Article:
French press review 10 September 2012
President Hollande's plummeting popularity and condemnation of France's richest man, are both big stories in the French press today...
Six out of ten citizens are unhappy with the French president. On its politics pages, Le Figaro features the most recent opinion survey, confirming the trend of falling popularity of François Hollande just four months after his election.
The paper quotes a survey specialist as saying that while Hollande’s support base with the socialist electorate is intact, he is gradually losing the support of those who rallied to him during the second round of the elections.
The article notes that the president’s popularity slump is fastest in the middle class electorate, who feel that they’ll be forced to carry the bulk of the deficit reduction effort.
The communist L’Humanité features the leader of the far-left, Jean-Luc Mélenchon, on a campaign against the European budget treaty. According to the daily, Mélenchon wants to force the government to hold a referendum on the treaty.
The far-left leader is seeking to distance himself from the National Front leader Marine Le Pen who also opposes the treaty for what he considers nationalistic reasons. “Our opposition to the current project is aimed at changing it and giving it a more social
“Get out of here, rich idiot”, says Libération on its front page. Its photo-montage displays a full length portrait of beaming Bernard Arnault, the richest man in France and owner of the luxury group LVMH, holding a bright red suitcase.
The newspaper is angry at news that the financier and the head of LVMH luxury empire is applying for Belgian citizenship to avoid paying Hollande’s announced 75% tax on earnings above 1 million euros.
"The billionaire appears as a symbol of the selfishness of the mega rich", continues the paper. And it’s not the first time he looks set to go into financial exile. The newspaper remembers that in 1981, when François Mitterrand came into power, Arnault relocated to the US
for three years.
A few days ago, reports the paper, the billionaire met with the French Prime minister to plead against the 75% tax on the rich. “Even though nothing else proves that he is leaving Paris to avoid it, with almost 11 million euros in annual revenues, the best- paid boss in France has a lot to lose”, concludes the socialist daily.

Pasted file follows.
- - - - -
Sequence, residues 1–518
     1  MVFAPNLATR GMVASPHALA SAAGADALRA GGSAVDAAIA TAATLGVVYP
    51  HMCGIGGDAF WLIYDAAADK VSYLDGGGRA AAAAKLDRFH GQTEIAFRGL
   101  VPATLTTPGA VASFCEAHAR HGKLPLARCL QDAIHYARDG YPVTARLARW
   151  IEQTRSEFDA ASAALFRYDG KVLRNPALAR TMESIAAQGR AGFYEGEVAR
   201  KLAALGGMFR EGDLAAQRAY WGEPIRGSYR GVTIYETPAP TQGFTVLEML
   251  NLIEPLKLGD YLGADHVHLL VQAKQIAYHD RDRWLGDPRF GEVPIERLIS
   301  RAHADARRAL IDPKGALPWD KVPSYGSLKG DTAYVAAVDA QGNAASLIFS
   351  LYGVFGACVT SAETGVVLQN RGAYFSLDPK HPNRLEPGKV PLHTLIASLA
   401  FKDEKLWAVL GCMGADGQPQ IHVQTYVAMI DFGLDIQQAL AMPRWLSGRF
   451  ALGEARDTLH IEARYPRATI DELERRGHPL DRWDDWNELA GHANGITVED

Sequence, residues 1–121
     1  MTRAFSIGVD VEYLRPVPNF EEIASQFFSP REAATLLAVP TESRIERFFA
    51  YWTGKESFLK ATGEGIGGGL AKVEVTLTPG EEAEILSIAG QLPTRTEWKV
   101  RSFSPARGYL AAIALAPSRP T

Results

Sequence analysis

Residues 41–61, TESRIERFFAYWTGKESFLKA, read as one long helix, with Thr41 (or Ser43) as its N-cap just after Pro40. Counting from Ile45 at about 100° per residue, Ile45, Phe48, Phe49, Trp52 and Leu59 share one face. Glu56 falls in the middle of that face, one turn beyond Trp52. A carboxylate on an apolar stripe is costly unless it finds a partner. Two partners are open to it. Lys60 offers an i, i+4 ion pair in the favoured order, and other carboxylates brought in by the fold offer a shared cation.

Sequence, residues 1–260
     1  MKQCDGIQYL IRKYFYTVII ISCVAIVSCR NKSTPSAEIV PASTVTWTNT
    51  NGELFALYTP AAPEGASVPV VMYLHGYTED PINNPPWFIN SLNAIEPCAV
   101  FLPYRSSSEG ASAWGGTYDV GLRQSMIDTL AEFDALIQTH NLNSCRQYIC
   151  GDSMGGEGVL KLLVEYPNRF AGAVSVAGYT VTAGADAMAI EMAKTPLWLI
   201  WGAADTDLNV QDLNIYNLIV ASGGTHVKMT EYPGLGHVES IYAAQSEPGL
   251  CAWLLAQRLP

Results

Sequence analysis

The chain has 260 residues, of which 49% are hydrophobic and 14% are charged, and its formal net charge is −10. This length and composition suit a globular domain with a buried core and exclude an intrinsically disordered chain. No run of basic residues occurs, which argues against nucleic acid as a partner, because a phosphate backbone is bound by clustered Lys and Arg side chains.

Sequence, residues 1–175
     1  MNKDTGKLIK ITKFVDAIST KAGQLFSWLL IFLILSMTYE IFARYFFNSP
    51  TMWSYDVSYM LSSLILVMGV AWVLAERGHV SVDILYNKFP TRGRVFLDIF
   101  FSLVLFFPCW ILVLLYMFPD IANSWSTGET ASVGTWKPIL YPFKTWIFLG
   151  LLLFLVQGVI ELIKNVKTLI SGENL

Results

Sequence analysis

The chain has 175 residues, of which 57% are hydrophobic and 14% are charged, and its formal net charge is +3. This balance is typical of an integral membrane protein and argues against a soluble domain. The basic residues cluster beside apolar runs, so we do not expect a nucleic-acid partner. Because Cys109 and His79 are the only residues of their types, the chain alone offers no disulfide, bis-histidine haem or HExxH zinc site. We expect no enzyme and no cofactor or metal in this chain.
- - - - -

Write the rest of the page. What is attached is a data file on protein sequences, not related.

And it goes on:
"The second war of tablets is declared", says the business daily Les Echos in its editorial dedicated to the launch of Amazon’s new Fire Kindle.
“When Apple launched ipad, consumers did not even know they needed a tablet”, says the editor “Now they can’t imagine being able to survive without it”.
But now a bunch of predators are trying to capture this new, fast-growing market. The tablet has become an extension of the consumer, says the paper. To the extent that the battle for the tablet market has become ruthless. Most of the tablet manufacturers have so far tried to cram more features into their highly-priced “swiss knife” devices. Amazon has just changed the game, concludes the editor, by slashing the price of the tablet. Beware, Apple.
“A Renoir painting for 5 euros”. The popular French daily tells the incredible story of an American woman who found the bargain of the century by buying what turns out to be a Pierre-August Renoir painting for seven dollars on a Virginia flee market.
The painting was brought to the US by a prominent art collector, Herbert May at the beginning of the 20th century. But it disappeared from the records in 1926. Bought for 5 euros by the female buyer now dubbed “a Renoir girl”, the painting is allegedly worth between 60 000 and 80 000 euros.
But perhaps, even more unbelievable is the reason the young woman bought the painting. She told the press that what made her decide to buy it was the fact that the Renoir was sold as part of a package including a doll and a plastic cow, which she really liked…
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